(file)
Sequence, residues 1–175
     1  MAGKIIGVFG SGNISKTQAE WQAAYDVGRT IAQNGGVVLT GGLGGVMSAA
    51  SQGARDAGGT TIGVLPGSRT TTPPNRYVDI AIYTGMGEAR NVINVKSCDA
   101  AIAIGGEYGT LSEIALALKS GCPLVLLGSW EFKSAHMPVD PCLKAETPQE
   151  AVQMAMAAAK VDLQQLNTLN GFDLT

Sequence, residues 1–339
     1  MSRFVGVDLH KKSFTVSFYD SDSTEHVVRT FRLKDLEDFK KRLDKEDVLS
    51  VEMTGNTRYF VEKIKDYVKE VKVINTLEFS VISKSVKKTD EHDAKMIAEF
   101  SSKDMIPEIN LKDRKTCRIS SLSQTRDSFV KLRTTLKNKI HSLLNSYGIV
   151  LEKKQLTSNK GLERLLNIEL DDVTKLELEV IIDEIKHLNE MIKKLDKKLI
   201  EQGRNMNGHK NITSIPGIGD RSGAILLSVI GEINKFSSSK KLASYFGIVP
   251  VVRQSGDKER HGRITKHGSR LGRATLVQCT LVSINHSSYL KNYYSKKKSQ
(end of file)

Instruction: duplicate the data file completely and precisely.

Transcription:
Sequence, residues 1–175
     1  MAGKIIGVFG SGNISKTQAE WQAAYDVGRT IAQNGGVVLT GGLGGVMSAA
    51  SQGARDAGGT TIGVLPGSRT TTPPNRYVDI AIYTGMGEAR NVINVKSCDA
   101  AIAIGGEYGT LSEIALALKS GCPLVLLGSW EFKSAHMPVD PCLKAETPQE
   151  AVQMAMAAAK VDLQQLNTLN GFDLT

Sequence, residues 1–339
     1  MSRFVGVDLH KKSFTVSFYD SDSTEHVVRT FRLKDLEDFK KRLDKEDVLS
    51  VEMTGNTRYF VEKIKDYVKE VKVINTLEFS VISKSVKKTD EHDAKMIAEF
   101  SSKDMIPEIN LKDRKTCRIS SLSQTRDSFV KLRTTLKNKI HSLLNSYGIV
   151  LEKKQLTSNK GLERLLNIEL DDVTKLELEV IIDEIKHLNE MIKKLDKKLI
   201  EQGRNMNGHK NITSIPGIGD RSGAILLSVI GEINKFSSSK KLASYFGIVP
   251  VVRQSGDKER HGRITKHGSR LGRATLVQCT LVSINHSSYL KNYYSKKKSQ